What is the most important information I should know about burosumab?
You should not use burosumab if you have severe kidney disease, or if you currently take phosphate or vitamin D by mouth.
What is burosumab?
Burosumab is a monoclonal antibody that targets and blocks the activity of a blood protein called FGF23. In a genetic condition called X-linked hypophosphatemia (HYE-poe-fos-fa-TEEM-ee-a), low phosphate levels in blood are caused by abnormally high levels of FGF23 protein, which causes the kidneys to stop reabsorbing phosphate into the bloodstream.
Blocking the FGF23 protein allows the kidneys to restore and maintain normal phosphate levels. Phosphate is important for the strength of your bones and teeth. Low phosphate levels can lead to bone deformities and growth problems.
Burosumab is used to normalize phosphate levels in adults and children who are at least 1 year old and have X-linked hypophosphatemia.
Burosumab may also be used for purposes not listed in this medication guide.
What should I discuss with my healthcare provider before using burosumab?
You should not use burosumab if you are allergic to it, or if you have:
- severe or end-stage kidney disease; or
- if you currently take phosphate or vitamin D by mouth.
Tell your doctor if you have ever had:
- kidney disease; or
- restless leg syndrome.
It is not known whether this medicine will harm an unborn baby. Tell your doctor if you are pregnant or if you become pregnant while using burosumab.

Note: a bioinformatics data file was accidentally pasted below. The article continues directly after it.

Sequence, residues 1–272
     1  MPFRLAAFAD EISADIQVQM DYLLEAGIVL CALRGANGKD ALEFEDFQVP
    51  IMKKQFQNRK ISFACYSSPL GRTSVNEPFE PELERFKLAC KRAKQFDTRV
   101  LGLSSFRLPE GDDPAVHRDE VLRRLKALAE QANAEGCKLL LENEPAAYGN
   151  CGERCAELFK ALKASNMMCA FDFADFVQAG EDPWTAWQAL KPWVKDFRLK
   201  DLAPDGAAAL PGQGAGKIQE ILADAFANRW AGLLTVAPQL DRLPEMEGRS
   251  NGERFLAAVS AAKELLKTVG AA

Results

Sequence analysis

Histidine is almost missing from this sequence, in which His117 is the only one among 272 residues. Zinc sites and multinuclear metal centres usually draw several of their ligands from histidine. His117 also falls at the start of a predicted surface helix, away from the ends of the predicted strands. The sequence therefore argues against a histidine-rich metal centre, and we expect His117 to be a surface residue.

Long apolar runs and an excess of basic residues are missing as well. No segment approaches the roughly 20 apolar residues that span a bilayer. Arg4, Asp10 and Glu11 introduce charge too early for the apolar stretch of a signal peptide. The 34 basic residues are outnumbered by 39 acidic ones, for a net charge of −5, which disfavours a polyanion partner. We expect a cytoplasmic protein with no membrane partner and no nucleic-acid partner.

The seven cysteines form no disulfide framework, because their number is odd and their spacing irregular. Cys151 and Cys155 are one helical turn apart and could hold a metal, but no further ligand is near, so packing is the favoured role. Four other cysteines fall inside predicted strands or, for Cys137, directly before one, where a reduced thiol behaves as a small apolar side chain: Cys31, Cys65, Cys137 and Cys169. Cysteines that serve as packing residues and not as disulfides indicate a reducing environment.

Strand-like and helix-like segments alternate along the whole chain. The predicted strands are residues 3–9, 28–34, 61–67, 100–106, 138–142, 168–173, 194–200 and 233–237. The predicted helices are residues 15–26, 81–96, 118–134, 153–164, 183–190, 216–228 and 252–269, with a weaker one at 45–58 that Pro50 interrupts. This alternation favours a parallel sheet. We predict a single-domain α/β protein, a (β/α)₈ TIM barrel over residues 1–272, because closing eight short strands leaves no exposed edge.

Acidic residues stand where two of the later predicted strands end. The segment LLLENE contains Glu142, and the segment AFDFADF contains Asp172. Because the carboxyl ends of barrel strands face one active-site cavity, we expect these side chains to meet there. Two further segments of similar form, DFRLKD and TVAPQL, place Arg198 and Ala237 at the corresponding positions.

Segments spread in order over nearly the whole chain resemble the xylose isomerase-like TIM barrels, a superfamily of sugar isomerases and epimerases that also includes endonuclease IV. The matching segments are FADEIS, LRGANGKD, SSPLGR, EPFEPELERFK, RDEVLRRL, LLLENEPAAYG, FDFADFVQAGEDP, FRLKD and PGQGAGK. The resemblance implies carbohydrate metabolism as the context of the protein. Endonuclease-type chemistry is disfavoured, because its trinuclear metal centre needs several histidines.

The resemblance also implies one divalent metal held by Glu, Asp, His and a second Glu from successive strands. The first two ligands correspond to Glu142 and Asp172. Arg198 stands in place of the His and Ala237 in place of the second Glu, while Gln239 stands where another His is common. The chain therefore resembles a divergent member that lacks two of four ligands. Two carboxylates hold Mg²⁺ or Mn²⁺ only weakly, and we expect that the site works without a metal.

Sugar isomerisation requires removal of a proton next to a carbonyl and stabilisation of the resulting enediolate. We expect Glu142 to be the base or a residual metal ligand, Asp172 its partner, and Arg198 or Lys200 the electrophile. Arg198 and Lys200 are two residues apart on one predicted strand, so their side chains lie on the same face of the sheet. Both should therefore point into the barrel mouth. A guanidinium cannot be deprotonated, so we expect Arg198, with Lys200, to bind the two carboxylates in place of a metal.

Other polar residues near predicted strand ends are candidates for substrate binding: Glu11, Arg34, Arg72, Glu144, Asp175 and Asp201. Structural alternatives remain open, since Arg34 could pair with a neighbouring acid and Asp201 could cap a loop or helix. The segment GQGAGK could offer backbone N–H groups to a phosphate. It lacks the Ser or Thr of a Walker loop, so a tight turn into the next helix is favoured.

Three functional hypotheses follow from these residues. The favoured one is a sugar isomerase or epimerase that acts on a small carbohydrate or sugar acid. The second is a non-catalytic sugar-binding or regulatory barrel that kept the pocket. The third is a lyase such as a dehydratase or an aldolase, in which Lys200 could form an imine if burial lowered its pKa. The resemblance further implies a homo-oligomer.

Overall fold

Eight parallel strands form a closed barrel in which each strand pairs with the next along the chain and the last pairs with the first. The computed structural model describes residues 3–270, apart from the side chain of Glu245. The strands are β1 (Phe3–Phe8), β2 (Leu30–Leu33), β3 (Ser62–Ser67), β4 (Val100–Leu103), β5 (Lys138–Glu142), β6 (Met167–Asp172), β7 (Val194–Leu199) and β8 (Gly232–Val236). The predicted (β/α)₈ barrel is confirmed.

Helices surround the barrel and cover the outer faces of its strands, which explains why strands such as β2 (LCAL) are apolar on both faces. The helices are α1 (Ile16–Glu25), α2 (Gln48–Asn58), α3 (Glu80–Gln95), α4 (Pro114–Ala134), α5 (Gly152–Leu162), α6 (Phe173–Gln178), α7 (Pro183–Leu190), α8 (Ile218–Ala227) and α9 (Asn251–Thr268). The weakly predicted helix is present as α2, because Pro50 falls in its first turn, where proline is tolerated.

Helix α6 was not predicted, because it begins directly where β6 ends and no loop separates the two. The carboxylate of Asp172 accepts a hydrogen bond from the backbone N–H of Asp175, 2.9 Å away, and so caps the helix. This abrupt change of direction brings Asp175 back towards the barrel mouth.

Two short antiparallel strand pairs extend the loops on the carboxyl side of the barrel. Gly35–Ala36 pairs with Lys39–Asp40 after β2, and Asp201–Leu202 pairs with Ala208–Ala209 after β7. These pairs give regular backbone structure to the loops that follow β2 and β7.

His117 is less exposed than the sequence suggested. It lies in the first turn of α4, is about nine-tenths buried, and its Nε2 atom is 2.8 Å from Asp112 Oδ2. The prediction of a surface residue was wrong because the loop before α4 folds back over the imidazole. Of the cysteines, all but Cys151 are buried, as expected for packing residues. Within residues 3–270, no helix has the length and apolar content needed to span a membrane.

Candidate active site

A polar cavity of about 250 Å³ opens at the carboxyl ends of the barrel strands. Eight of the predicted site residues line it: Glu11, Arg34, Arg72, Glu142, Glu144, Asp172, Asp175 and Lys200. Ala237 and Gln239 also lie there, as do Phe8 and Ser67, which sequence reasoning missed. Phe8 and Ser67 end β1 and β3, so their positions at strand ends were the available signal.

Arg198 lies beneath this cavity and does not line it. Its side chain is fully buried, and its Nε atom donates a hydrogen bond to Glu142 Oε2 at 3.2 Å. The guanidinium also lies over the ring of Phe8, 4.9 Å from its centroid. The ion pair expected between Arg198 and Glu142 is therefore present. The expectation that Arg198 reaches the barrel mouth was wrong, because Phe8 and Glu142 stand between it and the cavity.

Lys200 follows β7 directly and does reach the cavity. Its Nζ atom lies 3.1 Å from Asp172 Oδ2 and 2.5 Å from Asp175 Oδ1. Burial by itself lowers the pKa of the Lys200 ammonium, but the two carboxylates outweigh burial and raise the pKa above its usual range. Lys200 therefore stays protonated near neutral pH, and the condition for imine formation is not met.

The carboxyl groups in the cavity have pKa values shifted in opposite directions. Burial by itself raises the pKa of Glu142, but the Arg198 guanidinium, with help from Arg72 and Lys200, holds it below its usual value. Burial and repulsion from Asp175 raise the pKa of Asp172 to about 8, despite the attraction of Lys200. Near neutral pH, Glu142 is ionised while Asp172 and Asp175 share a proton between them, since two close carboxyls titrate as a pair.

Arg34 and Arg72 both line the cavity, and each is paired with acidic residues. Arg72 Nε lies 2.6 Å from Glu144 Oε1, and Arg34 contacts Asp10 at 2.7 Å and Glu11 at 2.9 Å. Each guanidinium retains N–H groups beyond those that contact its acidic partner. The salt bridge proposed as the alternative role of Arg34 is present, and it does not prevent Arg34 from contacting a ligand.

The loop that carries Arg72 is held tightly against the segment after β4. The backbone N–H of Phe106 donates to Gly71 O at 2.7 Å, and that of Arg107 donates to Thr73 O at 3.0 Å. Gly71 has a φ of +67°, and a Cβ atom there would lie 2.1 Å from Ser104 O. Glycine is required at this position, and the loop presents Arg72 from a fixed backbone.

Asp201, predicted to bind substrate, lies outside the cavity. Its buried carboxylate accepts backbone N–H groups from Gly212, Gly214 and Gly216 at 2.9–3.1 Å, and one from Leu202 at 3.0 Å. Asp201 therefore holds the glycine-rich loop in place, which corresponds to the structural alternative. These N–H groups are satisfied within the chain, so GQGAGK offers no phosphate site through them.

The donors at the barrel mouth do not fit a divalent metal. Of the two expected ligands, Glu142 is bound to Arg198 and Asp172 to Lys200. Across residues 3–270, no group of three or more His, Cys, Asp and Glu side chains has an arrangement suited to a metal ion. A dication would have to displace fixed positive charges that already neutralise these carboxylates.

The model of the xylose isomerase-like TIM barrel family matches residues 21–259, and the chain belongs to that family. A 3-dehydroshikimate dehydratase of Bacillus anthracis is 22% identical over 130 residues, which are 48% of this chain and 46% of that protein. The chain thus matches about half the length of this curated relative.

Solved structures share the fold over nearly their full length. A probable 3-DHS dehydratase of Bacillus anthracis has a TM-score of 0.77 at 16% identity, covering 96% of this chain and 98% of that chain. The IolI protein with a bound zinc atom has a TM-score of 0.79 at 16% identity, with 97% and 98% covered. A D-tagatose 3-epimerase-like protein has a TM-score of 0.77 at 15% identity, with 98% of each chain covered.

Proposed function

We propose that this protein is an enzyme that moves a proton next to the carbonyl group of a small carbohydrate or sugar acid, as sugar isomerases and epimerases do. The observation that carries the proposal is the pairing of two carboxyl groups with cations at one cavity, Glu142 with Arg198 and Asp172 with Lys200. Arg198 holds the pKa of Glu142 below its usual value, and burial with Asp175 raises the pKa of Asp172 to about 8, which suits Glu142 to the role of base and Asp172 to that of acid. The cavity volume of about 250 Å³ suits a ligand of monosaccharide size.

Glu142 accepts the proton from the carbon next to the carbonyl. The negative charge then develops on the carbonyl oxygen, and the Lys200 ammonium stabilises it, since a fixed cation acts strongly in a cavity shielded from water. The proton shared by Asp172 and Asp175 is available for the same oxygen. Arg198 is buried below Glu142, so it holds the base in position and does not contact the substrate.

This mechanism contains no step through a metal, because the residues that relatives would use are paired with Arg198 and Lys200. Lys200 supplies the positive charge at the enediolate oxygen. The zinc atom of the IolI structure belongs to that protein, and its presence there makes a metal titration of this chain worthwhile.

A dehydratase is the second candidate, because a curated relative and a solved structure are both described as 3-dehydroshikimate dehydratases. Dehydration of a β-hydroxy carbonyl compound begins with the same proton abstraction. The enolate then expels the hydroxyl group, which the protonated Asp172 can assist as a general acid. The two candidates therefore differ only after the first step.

It may not be safe to breast-feed while using this medicine. Ask your doctor about any risk.
Burosumab is not approved for use by anyone younger than 1 year old.
How is burosumab given?
Your doctor will perform blood tests to make sure you do not have conditions that would prevent you from safely using burosumab.
At least 1 week before your first injection, stop using oral phosphate and vitamin D medications.
Burosumab is injected under the skin, once every 2 weeks in children and once every 4 weeks in adults.
A healthcare provider will give you this injection.
Burosumab doses are based on weight in children. Your child's dose needs may change if the child gains or loses weight.
You may need frequent medical tests. Even if you have no symptoms, tests can help your doctor determine if this medicine is effective.
What happens if I miss a dose?
Call your doctor for instructions if you miss an appointment for your burosumab injection.
What happens if I overdose?
Seek emergency medical attention or call the Poison Help line at 1-800-222-1222.
What should I avoid while using burosumab?
Follow your doctor's instructions about any restrictions on food, beverages, or activity.
What are the possible side effects of burosumab?
Get emergency medical help if you have signs of an allergic reaction: hives; difficult breathing; swelling of your face, lips, tongue, or throat.
Common side effects may include:
- headache, dizziness;
- pain in your arms, legs, or back;
- vomiting, constipation;
- a restless feeling in your legs;
- tooth infection;
- decreased vitamin D levels;
- increased phosphorous levels; or
- pain, redness, itching, swelling, bruising, or a hard lump where the medicine was injected.
This is not a complete list of side effects and others may occur. Call your doctor for medical advice about side effects. You may report side effects to FDA at 1-800-FDA-1088.
What other drugs will affect burosumab?
Other drugs may affect burosumab, including prescription and over-the-counter medicines, vitamins, and herbal products. Tell your doctor about all your current medicines and any medicine you start or stop using.
Remember, keep this and all other medicines out of the reach of children, never share your medicines with others, and use this medication only for the indication prescribed.
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